Interview by Michael Bordelon
The Hype: What are your favorite coffee shops around the city that you recommend to those coming in for NYFW?
Jonathan Sigmon: Gregory’s is a fantastic NYC chain, and has locations all over mid-town, as well as one in the West Village and a few in the financial district. You also can’t go wrong with eitherBlue Bottle or Ninth Street Espresso with plenty of locations also across mid-town, lower Manhattan and Brooklyn.
TH: Your personal favorite?
JS: Gregory’s makes my favorite Cortado in the city.
TH: Do you have a morning/afternoon coffee rhythm?
JS: In the Summer I’ll grab a cold brew from Grumpy Café in Park Slope on the way to the train in the mornings. During the workday I have a hard time getting away from the shop, so I’ll have a couple K-Cups throughout the day, and when I have 15 minutes to spare I’ll swing through Gregory’s in midtown for a Cortado.
TH: Describe your work?
JS: I’m the Director at Alan Flusser Custom. Alan’s an author and a designer, and the Custom Shop is coming upon its 30-year anniversary this fall. We focus primarily on custom tailored clothing, but also carry haberdashery from England and Italy, and some off-the-rack Italian sportswear.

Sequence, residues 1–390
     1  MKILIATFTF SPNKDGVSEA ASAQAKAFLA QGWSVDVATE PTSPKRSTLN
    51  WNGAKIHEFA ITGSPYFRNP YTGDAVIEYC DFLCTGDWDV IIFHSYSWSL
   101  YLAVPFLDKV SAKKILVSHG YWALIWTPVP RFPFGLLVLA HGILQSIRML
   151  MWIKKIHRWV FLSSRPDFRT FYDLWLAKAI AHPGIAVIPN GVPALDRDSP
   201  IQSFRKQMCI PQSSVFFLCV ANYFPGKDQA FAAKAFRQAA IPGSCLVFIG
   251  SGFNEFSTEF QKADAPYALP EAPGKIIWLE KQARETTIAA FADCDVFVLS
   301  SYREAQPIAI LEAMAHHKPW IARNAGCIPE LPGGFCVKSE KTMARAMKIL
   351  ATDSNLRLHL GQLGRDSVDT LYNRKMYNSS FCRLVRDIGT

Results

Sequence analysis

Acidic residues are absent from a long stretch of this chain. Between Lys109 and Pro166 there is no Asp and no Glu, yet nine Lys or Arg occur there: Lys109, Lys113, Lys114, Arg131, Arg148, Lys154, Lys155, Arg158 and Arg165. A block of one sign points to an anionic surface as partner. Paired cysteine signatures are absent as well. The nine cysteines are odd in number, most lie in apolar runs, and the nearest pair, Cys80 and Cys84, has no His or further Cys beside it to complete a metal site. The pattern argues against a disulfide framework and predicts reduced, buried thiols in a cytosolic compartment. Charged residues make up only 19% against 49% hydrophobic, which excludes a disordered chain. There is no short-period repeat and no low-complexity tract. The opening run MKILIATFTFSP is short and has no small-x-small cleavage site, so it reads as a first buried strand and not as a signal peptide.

TH: How long have you been working for Alan Flusser?
JS: I’ve been working for Alan Flusser for about three and half years.
TH: Describe your (clothing) style.
JS: Alan, Ralph Lauren, and Sid Mashburn were big influences as I developed my tastes, so it’s something of a blend of American sportswear and Savile Row-style tailoring, but as comfortably as possible. Softly constructed sport jackets, espadrilles, beat to death denim, cashmere knits. Add in the occasional Chacos on the weekend since I’ll never shed my Arkansas roots.
TH: Any thoughts on men’s style and how we can upgrade our game a little?
JS: We’ve reached peak #menswear, but it at least led to more guys putting more effort into dressing well. With regards to tailored clothing, at the shop we preach the principles of permanent fashion, which essentially comes down to proportions and coloring. Learn the proportions of clothes that flatter your body, and identify the colors that complement your complexion. When you figure this out, you’re a step ahead of nearly everyone. When you know what makes you look good and why, then it’s so much easier and more enjoyable to experiment with clothes.
TH: Now we look good while holding our coffee.
JS: Looking good while holding coffee – sure, just don’t wear white. If you do make sure you have a little sugar in your coffee, as it makes the stains easier to remove when you inevitably drip it on your shirt. (This according to our master tailor, who’s been making clothes longer than I’ve been alive, so I’ll repeat it until someone proves me wrong.)
TH: Thanks Jonathan.